Nature doth thus kindly heal every wound.
By the mediation of a thousand little mosses and fungi,
the most unsightly objects become radiant of beauty.
There seem to be two sides of this world, presented us at different times,
as we see things in growth or dissolution, in life or death.
And seen with the eye of the poet,
as God sees them,
all things are alive and beautiful. ~Henry David Thoreau (journal)
…writing was one way to let something of lasting value emerge
from the pains and fears of my little, quickly passing life.
Each time life required me to take a new step into unknown spiritual territory,
I felt a deep, inner urge to tell my story to others–
Perhaps as a need for companionship but maybe, too,
out of an awareness that my deepest vocation
is to be a witness to the glimpses of God I have been allowed to catch. ~Henri Nouwen
“I make them warm to keep my family from freezing;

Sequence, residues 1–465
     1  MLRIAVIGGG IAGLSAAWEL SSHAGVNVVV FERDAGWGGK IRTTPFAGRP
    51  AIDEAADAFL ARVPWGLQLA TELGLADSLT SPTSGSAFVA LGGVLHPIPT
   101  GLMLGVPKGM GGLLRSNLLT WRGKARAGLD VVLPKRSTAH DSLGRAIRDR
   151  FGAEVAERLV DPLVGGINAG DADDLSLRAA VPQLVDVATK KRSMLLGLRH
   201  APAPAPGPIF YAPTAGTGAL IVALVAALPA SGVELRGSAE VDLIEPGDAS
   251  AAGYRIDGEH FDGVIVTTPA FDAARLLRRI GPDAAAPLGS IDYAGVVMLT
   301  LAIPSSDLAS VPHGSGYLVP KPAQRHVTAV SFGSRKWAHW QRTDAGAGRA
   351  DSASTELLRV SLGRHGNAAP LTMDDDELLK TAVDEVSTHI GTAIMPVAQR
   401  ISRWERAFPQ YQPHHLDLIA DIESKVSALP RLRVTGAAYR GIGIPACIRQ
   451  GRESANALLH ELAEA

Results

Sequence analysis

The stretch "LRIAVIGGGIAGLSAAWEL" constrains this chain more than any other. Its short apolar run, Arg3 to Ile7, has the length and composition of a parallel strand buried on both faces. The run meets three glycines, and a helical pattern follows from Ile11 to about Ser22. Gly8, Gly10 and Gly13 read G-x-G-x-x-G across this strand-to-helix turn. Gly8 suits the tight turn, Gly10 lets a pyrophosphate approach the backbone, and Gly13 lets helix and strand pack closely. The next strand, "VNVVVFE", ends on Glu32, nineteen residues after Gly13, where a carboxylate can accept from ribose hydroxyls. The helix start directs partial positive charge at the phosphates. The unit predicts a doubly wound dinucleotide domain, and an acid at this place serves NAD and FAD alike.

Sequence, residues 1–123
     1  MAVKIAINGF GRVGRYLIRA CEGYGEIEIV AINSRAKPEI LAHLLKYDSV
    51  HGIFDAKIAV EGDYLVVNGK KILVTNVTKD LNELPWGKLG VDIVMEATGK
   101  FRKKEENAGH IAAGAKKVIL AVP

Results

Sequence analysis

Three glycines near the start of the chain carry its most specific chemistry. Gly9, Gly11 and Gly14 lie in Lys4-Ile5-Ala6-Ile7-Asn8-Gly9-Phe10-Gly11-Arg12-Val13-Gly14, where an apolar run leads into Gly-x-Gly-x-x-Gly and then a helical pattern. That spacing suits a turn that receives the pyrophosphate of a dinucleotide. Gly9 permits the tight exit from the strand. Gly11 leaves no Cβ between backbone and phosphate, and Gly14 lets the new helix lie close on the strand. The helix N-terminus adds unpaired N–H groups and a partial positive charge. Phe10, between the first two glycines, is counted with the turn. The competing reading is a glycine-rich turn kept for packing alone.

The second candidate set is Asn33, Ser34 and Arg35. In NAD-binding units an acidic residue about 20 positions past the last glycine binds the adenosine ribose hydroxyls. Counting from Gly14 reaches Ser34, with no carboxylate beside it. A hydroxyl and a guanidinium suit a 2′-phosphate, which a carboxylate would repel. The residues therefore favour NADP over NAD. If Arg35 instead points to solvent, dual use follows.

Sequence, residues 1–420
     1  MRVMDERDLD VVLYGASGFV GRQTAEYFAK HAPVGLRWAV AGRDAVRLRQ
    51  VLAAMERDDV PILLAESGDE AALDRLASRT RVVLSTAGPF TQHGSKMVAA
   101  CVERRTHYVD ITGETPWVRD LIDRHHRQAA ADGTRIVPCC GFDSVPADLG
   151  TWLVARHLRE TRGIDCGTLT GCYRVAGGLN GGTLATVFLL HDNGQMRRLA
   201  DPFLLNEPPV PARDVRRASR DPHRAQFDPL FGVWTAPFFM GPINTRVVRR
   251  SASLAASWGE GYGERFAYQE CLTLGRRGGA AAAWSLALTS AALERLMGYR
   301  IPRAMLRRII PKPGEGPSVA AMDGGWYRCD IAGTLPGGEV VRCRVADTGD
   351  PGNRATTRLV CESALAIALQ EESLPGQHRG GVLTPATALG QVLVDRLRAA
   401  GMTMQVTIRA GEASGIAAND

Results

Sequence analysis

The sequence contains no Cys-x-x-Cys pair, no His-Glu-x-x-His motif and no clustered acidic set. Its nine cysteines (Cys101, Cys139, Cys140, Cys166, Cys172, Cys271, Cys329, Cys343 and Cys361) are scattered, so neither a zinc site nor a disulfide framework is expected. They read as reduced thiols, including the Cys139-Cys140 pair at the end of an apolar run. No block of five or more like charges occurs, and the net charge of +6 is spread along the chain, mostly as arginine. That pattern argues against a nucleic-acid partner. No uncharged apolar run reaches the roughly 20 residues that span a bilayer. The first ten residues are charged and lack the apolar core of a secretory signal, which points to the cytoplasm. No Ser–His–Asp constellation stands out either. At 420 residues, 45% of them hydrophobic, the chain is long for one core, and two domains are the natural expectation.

I make them beautiful to keep my heart from breaking.”
–From the journal of a prairie woman, 1870
To keep a husband and five children warm,
she quilts them covers thick as drifts against
the door. Through every fleshy square white threads
needle their almost invisible tracks; her hours
count each small suture that holds together
the raw-cut, uncolored edges of her life.
She pieces each one beautiful, and summer bright
to thaw her frozen soul. Under her fingers
the scraps grow to green birds and purple
improbable leaves; deeper than calico, her mid-winter
mind bursts into flowers. She watches them unfold
between the double stars, the wedding rings. ~Luci Shaw “Quiltmaker”
It could be the world was made this way:
piecemeal, the parts fitting together
as if made for one another~
disparate and separate,